This past Sunday, January 17, 2010, my husband and I went to Houston, TX to run the Chevron Houston Marathon. It was our first race in Houston and we had both been looking forward to it as we had heard that the race was very well supported and a “fast, flat course.” Living in Austin, we are used to running up some massive hills, so our marathon is not exactly a “fast” course!
Unfortunately, he came down with the flu the day after Christmas, and I got it one week later. So, he had just recovered about 2 weeks before the race, and I just had one week of recovery under my belt. Needless to say, neither of us expected to have a very fast time, but we were still expecting to have fun. After all, it should be much easier than what we are used to running, we told ourselves!
As you may remember from my blog a couple of weeks ago, when you are coming back from a sickness involving a fever, you should really take at least 10 days to ramp back up to your previous workout level. Unfortunately, I did not have that long. Running the marathon meant that I was going to go beyond my “pre-sickness” workout level after just 7 days, as my previous long run was just a 30K. Knowing that my body was still in “ramp up mode,” I decided the safest course of action was to run the race at a slow, even pace (which for me means I started out running about 30 – 45 seconds slower than my normal marathon race pace). I also planned to have more protein, in addition to carbohydrates, immediately before as well as during the race to hopefully keep myself well fueled and able to handle the demands of a race my body really probably should not have been doing so soon after being sick.
As far as pre-race nutrition, we did our normal things for the most part. Since this was a “destination race,” the night before we made sure we would be able to get food either at the hotel restaurant, or at the hotel’s “grab and go” area. I had also packed us plenty of snacks in case we would not be able to get what we needed. Luckily, the restaurant opened at 5 a.m., while the grab and go area was open at 4 a.m. Plenty of time, and lots of options!
I had a bowl of cold cereal with milk about 2 hours before the race was scheduled to start, while my husband had a cup of orange juice, a cup of black coffee, a small bowl of oatmeal, and some fruit (he’s much taller/bigger than I am!). About one hour before, we both had a boiled egg, along with some water (I had brought the boiled eggs from home and had them stashed with a freezer pack in our room). About 30 – 45 minutes prior to the race, my husband and I also both drank a full 20 ounces of Accelerade (sports drink with both carbohydrates and protein, in addition to electrolytes). In addition, he ate a full Lara bar and I ate about half of one (this is something we have not traditionally done in the past, but I felt like we could use the protein).
Normally, I would pop a sports gel of some sort (or sports beans) about 15 minutes before the race, but because I had just had half a Lara bar, I really didn’t feel like I needed one, so I skipped it. I did pack 4 for during the race “just in case.” I also packed some “real food” (by that I mean I had a snack size baggie of dried apricots and the other half of my Lara bar!).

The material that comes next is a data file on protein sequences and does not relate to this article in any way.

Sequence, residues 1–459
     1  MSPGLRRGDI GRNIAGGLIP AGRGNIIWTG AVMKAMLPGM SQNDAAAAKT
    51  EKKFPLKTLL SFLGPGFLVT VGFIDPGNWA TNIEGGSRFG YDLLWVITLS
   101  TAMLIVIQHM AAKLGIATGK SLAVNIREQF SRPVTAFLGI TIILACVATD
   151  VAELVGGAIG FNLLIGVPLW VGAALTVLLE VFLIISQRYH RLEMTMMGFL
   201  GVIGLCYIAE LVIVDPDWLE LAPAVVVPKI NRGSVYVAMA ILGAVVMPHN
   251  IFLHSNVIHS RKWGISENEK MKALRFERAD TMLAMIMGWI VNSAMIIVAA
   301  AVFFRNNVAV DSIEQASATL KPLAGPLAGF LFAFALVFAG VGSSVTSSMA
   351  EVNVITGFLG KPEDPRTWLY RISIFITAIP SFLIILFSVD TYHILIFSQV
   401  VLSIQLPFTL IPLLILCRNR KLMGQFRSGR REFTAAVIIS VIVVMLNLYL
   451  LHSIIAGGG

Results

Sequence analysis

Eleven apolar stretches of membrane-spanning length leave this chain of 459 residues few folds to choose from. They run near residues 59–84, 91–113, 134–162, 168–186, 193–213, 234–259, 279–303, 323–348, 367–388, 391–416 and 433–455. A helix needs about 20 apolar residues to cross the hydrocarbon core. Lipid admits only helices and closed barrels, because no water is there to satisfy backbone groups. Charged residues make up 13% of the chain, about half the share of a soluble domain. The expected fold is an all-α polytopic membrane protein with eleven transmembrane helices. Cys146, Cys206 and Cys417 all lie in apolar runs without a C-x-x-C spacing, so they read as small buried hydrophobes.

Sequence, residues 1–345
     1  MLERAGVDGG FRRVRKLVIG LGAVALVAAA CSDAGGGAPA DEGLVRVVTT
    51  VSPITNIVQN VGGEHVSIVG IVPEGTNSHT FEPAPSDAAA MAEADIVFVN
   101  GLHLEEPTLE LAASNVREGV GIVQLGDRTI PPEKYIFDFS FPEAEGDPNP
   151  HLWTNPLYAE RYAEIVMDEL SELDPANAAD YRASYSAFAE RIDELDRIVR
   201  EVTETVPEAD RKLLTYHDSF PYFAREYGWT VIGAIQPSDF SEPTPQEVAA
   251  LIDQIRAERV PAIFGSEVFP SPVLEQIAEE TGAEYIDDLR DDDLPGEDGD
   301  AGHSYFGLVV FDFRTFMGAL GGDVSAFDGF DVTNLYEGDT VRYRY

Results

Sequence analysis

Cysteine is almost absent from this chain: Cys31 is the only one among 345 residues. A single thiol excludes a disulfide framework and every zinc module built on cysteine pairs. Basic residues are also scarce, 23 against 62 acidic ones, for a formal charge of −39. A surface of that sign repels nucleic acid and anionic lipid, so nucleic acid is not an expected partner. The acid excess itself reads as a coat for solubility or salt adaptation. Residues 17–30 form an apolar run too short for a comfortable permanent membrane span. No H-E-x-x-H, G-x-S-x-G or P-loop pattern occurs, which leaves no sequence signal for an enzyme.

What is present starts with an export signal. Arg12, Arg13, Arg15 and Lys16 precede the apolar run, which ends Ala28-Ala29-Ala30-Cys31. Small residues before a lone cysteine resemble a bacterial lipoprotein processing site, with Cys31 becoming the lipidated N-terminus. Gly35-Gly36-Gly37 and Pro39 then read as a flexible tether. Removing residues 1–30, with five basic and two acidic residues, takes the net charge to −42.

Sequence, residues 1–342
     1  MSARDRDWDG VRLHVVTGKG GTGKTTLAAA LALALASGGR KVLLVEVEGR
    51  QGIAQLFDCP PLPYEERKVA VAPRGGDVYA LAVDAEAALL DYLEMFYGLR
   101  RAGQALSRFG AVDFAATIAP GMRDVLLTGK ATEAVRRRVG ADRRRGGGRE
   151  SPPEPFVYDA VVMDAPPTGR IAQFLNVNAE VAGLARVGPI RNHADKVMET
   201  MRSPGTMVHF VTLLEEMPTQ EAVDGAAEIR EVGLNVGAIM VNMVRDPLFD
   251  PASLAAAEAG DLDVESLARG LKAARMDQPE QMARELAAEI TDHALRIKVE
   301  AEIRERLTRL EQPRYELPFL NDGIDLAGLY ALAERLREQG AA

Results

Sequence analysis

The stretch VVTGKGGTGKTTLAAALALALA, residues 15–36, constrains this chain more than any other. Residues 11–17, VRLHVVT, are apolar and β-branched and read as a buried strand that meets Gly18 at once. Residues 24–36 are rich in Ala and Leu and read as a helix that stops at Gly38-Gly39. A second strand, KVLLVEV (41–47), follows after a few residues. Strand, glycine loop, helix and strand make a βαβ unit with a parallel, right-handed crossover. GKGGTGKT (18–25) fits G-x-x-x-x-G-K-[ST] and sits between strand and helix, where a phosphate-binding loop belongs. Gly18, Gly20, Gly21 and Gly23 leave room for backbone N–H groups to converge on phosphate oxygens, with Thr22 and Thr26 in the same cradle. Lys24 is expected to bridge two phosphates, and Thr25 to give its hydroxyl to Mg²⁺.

During the race, besides running slower, I also planned to stop and walk at each water stop, which is something I usually do anyway because I’ve never been very good at running and drinking at the same time! For about the first half, most of my walk breaks were around 15 – 30 seconds, but as the miles ticked on, these breaks got up to 1 minute. I ate 1-2 apricots at most of the stops until I ran out (around mile 16), then I took a few more miles to finish the rest of my bar. While I was eating the apricots and the bar, I just drank water at the stops because Gatorade was the sports drink on the course and I do not normally drink Gatorade and was afraid of what it would do to me. Eventually, I went to my gel (Cliff shots); actually I only used one, which was around mile 22 or 23. I did have a couple of sips of Gatorade at the last 2 or 3 water stops, but I also had some water afterward to get the taste out of my mouth!
In general, I felt pretty good during most of the race. I did have a much harder time breathing than I normally would, and I did have a slightly upset stomach, but nothing unbearable. I also slowed way down the last 3 miles, but this was due to some knee pain I developed going down a stretch of the course that had severe banking.
I am happy to report that we both really enjoyed the race, and were pleasantly surprised by our finishing times, which were close to “normal” times for both of us; mine was actually a PR by a few minutes! The race was extremely well supported; there were lots of people throughout most of the course cheering on all the runners; most of the water stops were well staffed and stocked; there were LOTS of port-o-potties shortly after the water stops (so many that I actually decided to stop around mile 11 because there was no line! I lost about 3 minutes, but it made for a much more comfortable rest of the run!); and at the end there was a very nice sitting area where you could enjoy a hot meal, along with hot coffee, hot chocolate, hot tea, or cold drinks.
So, running a marathon after getting sick late in training can be done, but you have to be very diligent about listening to your body, running at an easy pace, and fueling properly before, during, and after the race. Aim to just have fun rather than expecting to get a PR!